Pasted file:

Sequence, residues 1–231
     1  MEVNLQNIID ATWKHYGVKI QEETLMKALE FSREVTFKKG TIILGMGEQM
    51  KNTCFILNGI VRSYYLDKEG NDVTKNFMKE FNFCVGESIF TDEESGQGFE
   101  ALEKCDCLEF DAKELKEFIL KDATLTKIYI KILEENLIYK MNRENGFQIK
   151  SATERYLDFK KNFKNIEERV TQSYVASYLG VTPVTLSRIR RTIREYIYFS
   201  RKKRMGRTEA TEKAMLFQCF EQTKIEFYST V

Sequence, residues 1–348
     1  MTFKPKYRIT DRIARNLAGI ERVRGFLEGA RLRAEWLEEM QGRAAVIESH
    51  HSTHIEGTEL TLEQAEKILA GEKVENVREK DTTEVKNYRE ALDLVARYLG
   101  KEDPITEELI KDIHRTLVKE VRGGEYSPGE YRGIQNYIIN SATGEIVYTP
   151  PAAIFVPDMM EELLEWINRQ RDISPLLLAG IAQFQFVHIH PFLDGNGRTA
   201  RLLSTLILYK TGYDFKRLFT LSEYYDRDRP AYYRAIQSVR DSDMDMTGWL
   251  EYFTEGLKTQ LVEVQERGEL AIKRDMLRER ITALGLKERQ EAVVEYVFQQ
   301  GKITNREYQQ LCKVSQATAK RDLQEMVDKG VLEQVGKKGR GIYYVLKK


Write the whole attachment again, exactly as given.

Sequence, residues 1–231
     1  MEVNLQNIID ATWKHYGVKI QEETLMKALE FSREVTFKKG TIILGMGEQM
    51  KNTCFILNGI VRSYYLDKEG NDVTKNFMKE FNFCVGESIF TDEESGQGFE
   101  ALEKCDCLEF DAKELKEFIL KDATLTKIYI KILEENLIYK MNRENGFQIK
   151  SATERYLDFK KNFKNIEERV TQSYVASYLG VTPVTLSRIR RTIREYIYFS
   201  RKKRMGRTEA TEKAMLFQCF EQTKIEFYST V

Sequence, residues 1–348
     1  MTFKPKYRIT DRIARNLAGI ERVRGFLEGA RLRAEWLEEM QGRAAVIESH
    51  HSTHIEGTEL TLEQAEKILA GEKVENVREK DTTEVKNYRE ALDLVARYLG
   101  KEDPITEELI KDIHRTLVKE VRGGEYSPGE YRGIQNYIIN SATGEIVYTP
   151  PAAIFVPDMM EELLEWINRQ RDISPLLLAG IAQFQFVHIH PFLDGNGRTA
   201  RLLSTLILYK TGYDFKRLFT LSEYYDRDRP AYYRAIQSVR DSDMDMTGWL
   251  EYFTEGLKTQ LVEVQERGEL AIKRDMLRER ITALGLKERQ EAVVEYVFQQ
   301  GKITNREYQQ LCKVSQATAK RDLQEMVDKG VLEQVGKKGR GIYYVLKK